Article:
SNAP is a Federal Program

While administered at the local level, food stamps is a federal program. Called the Supplemental Nutrition Assistance Program (SNAP) at the federal level, it is one of the most effective assistance programs in the nation. Since the start of the recession, SNAP has kept millions of people from going hungry, including children, the elderly, and those with disabilities. Nationwide, SNAP provides food assistance to about 46 million people. In addition, SNAP accuracy rates are at an all-time high of 96.19 percent. In fact, SNAP has one of the lowest fraud and inaccuracy rates of all federal benefit programs.

Locally, there are about 98,384 CalFresh participants in Santa Clara County and about 23,390 in San Mateo County (California Food Policy Advocates, September 2011). Like the rest of the country, the number of people who participate in food stamps has increased significantly since the start of the recession. Between 2006 and 2011, Santa Clara County saw a 65 percent increase in participants while San Mateo County experienced a 179 percent increase.

“We have seen a significant increase in unemployment and poverty since 2006, so it makes sense that more people need help putting food on the table,” McCown said. “SNAP is targeted to the most vulnerable in our community with 84 percent of all benefits going to households that include a child or an elderly or disabled person.”

Myths Keep Families from Getting Food

She said CalFresh is a critical anti-poverty campaign and yet the myths and mistruths about the program keep people from applying for benefits. The truth about CalFresh is:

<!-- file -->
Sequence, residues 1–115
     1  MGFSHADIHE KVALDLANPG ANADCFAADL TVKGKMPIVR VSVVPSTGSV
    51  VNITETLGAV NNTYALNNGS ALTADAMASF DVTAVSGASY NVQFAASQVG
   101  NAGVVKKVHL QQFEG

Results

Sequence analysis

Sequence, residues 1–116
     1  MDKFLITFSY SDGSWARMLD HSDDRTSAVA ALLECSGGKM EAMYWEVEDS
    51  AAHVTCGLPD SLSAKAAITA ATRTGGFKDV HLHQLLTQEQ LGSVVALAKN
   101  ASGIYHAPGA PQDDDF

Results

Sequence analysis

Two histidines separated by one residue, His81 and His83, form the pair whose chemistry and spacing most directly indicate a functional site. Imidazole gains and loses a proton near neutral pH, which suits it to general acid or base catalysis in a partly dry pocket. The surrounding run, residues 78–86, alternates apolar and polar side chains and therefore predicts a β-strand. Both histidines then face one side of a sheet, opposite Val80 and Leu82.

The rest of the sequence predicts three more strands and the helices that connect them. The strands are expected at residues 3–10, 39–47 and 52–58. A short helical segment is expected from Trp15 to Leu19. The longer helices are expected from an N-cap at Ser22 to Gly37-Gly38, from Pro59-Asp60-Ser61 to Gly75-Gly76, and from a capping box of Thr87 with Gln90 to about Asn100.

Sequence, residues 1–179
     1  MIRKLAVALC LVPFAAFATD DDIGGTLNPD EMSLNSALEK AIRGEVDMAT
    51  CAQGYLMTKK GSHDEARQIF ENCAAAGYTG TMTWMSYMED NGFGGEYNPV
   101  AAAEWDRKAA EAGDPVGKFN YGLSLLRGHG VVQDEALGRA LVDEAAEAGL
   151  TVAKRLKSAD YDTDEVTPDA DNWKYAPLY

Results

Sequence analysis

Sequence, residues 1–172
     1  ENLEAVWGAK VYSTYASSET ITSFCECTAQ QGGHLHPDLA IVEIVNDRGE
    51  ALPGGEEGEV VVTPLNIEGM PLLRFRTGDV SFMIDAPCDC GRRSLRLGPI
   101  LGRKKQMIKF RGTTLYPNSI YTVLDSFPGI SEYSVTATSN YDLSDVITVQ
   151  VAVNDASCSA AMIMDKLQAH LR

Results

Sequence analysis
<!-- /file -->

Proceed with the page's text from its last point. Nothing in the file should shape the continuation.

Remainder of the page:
•   It will not harm your immigration status
•   Your children will not be required to serve in the military because you get it
•   You don’t have to pay it back
•   You don’t need to have children to be eligible
•   You don’t have to work in exchange for getting it
•   You can have a job and still get it
•   You can own your own home and still qualify for it

Those who qualify for CalFresh are issued an EBT debit card that can be used at participating grocery stores and farmers’ markets. It works just like any other debit card.

“Having a debit card helps to remove some of the stigma that is sometimes associated with using CalFresh,” McCown said. “CalFresh puts food on the table and dollars into the local economy. Everyone benefits when people are able to buy healthy foods from their local grocery store or farmers’ market.”

Anyone who was unable to qualify for CalFresh in the past may want to try again. New legislation supported by Second Harvest makes it easier to access this critical program. For example, fingerprinting will no longer be required starting next year. California was one of only a handful of states that required food stamp applicants to be fingerprinted. In addition, reports needed to maintain eligibility will be required semi-annually rather than quarterly.

Second Harvest Food Bank of Santa Clara and San Mateo Counties is the trusted leader dedicated to ending local hunger. Since its inception in 1974, Second Harvest has become one of the largest food banks in the nation, providing food to an average of nearly one quarter of a million people each month. The Food Bank mobilizes individuals, companies and community partners to connect people to the nutritious food they need. Nearly half of the food distributed is fresh produce. Second Harvest also plays a leading role in promoting federal nutrition programs and educating families on how to make healthier food choices. Visit to get involved.

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Second Harvest Food Bank of Santa Clara and San Mateo Counties is the trusted leader dedicated to ending local hunger. Since its inception in 1974, Second Harvest has become one of the largest food banks in the nation, providing food to an average of nearly one quarter of a million people each month.